STATE OF ORISSA Vs. SITANSU SEKHAR KANUNGO
SUPREME COURT OF INDIA
STATE OF ORISSA
SITANSU SEKHAR KANUNGO
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(1.)Order of acquittal in the matter of an offence punishable under section 21 of the narcotic Drugs and Psychotropic Substances act 1985 (for short 'the Act') is under challenge in this appeal.
(2.)The contextual facts depict that the respondent-accused faced trial for allegedly having committed the offence punishable under section 21 of the Act. He was found guilty and convicted by the learned additional sessions judge, Rourkela in sessions trial no. 151/15 of 1993-94 and was sentenced to undergo rigorous imprisonment of 10 years and to pay a fine of Rs. one lakh, and a further period of two years' rigorous imprisonment, in default. The accusation which led to the trial of the accused relates to the seizure of 0. 04 gm. brown sugar/heroin wrapped in a paper inside a match box on 31.1. 1993. When the accused was searched and the contraband article was recovered, he had no satisfactory explanation to offer for possession of the same. The usual formalities were complied with. At the time of the trial, the accused pleaded innocence and took the plea that on 27th January, 1993 at about 3.30 p. m. he had hot exchange of words with one Chittranjan Mohanty and after such quarrel, they were separated. But on the same day at about 5.30 p. m. , when he was in his house some police officials attached to Uditnagar out-post brought him to the outpost and detained him therein and on 28th January, 1993, they obtained his signature on a blank paper by threatening him and later on took him to the plant-site police station wherefrom he was taken to the court on 1st February, 1993 on false accusations. It was the case of the accused that the local police officer was the classmate of the said Chittranjan Mohanty who had informed about the quarrel to the superintendent of police on whose direction he was arrested and falsely implicated in the case. On consideration of the evidence on record, the learned sessions judge thought it fit to award the sentence, as noticed above, and thereafter the matter was taken before the High Court by way of first appeal.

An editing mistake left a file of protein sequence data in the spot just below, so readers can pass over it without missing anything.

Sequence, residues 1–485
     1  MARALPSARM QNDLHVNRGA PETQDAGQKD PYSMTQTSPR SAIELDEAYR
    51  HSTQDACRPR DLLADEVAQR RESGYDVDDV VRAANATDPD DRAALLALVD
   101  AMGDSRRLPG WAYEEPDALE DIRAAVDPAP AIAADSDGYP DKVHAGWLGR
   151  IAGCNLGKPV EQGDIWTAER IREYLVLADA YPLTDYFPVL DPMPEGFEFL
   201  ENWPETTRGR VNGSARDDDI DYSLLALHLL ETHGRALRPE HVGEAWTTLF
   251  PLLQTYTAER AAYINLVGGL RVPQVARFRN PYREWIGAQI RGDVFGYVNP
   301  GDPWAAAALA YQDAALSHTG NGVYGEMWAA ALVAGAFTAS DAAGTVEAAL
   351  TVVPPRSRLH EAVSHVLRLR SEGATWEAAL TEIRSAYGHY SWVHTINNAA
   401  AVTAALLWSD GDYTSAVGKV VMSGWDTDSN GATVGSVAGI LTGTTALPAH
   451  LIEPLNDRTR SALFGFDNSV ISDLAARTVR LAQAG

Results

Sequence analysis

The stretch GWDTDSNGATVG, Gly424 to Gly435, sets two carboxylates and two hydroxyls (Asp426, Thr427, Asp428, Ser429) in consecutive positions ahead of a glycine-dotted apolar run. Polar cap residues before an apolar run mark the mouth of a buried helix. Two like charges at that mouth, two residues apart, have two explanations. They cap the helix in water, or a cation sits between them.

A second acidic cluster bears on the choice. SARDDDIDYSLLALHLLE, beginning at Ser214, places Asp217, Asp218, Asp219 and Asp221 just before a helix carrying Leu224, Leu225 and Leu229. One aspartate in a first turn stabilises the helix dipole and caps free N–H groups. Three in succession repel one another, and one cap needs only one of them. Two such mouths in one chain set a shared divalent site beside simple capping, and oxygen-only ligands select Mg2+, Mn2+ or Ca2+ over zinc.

(3.)The High Court, in a rather detailed judgment, stated that the vital question was whether necessary safeguards have been observed relating to the safe custody of articles alleged to have been seized and thus questioned the validity of seizure. Admittedly, the seizure was made on 31st january, 1993 and the articles seized were produced before the learned SDJM on 15.4.1993. The seizure lists related to collected samples of brown sugar/heroin, the place of seizure mentioned to be power house road, park area, Rourkela and the seizure lists were prepared on 31st January, 1993atabout7.15 p. m. and 7.30 p. m. It has been argued before the High Court that in the seizure lists, there is a reference to the plant-site police station case no. 43 of 1993 which, in the normal course of events, should not have been recorded and as such seizure lists became suspect. The High Court, however, did not find it convenient to deal with the matter oh the ground that it may not be appropriate to deal with the said plea for the first time in appeal. The High Court, however, placed strong reliance on the defence submission of non-production of the malkhana register. On this ground, the High Court recorded that the malkhana register has not been tendered in evidence and acceptance of the oral statement of PW5 that the articles were in the police malkhana of plant-site police station and nothing else is available on record would not arise. Significantly however, no reason whatsoever has been ascribed as to why the malkhana register could not be produced thereby exposed to the adverse presumption under the Evidence Act that in the event of its production, it would have thrown sufficient light to the detriment of the respondents in the matter. The High Court, in its order (being impugned) noted that even no official attached to the plant-site police station has been examined to further the stand that the seized articles were kept in the plant-site police station. PW5, the High court noted, has not stated that he had deposited the articles in the malkhana of the plant-site police station and there is thus a vital omission about the custody of articles and it is on this score, the High court thought it fit that the court cannot be a silent spectator while justice is being trampled by inept handling of the case. It further held that in the case at hand, the non-production of the malkhana register being one of the vital missing links, the other factors highlighted above coupled with the non-production of the malkhana register have given a fatality to the prosecution case.
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